Creativity Lesson: That's Not Logical - Metaphors

*This lesson coincides with Chapter 2, “That’s not logical” from A Whack on the Side of the Head by Roger von Oech

 Written by: Melissa Van Peursem & Mary Garey

Suggested Books
 
 

Grade level range: 3-5

Time: 1-2 hours

Common Core Standards:  RL.3.3  Students will be able [to create metaphors] to describe characters in a story,  RL.4.3  Students will be able [to create metaphors] to describe in depth a character, setting, or event in a story,  RL.5.3  Students will be able [to create metaphors] to compare and contrast 2 or more characters in a story, settings or events in a story or drama, drawing on details and how characters interact

Supplies:  Sentence strips, drawing paper, crayons or other medium, graphic organizers, fairytale books, Shel Silverstein Books, Assessment rubric

Step by Step Lesson Description:

Intro: shelsilverstein.com for video intro (approximately 1 – 2 minutes)  OR Read a favorite poem from one of his poetry books

Give/elicit students examples of metaphors using a favorite storybook or fairytale character.  Take character apart and give examples of non-literal comparisons.  Ie. How is Cinderella like a suitcase (or other comparison)?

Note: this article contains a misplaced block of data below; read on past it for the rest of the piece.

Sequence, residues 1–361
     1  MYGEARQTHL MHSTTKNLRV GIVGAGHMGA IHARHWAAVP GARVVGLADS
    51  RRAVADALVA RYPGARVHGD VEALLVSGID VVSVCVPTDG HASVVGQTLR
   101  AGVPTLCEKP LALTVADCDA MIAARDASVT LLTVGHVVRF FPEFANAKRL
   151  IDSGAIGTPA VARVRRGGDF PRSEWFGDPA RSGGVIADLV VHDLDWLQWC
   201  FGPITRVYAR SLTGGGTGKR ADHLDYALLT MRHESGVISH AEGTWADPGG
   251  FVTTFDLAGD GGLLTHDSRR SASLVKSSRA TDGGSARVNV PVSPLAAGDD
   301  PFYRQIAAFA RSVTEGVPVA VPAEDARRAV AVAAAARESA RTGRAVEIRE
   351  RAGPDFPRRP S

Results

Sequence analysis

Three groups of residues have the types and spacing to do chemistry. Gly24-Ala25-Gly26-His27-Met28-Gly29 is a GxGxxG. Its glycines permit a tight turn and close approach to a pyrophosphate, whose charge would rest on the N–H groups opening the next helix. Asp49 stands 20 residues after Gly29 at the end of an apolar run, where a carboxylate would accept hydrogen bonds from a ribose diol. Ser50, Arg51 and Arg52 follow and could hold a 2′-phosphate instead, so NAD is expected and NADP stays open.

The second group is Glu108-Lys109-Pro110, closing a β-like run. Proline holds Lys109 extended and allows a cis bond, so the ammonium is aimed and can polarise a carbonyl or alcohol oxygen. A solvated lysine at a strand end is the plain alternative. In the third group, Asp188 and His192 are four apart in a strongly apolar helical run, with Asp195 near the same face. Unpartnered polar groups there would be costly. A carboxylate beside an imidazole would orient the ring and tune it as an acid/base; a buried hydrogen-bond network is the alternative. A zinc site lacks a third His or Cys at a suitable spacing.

Elicit ideas and list on smart board or chart paper, discuss.

Have students select a character (or assign one) to compare using the same process.

Work in pairs/small groups to develop comparisons using a graphic organizer (10 minutes).

Draw an example of their character metaphorically.

Present to the class.

Assessment: Use the following rubric to assess metaphors.

 

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Help Wanted on
Mont Vernon
This book combines history
and mathematics with
adorable characters to teach
kids about the many talents
of the first U.S. President.
 

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The UnderAchievers:
Woven into a fun story, this
book provides excellent
math lessons for kids.  


Writing Across the Curriculum:
The NumberFix Project

 

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 Wacky We-Search Reports:
A popular book on writing
across the curriculum.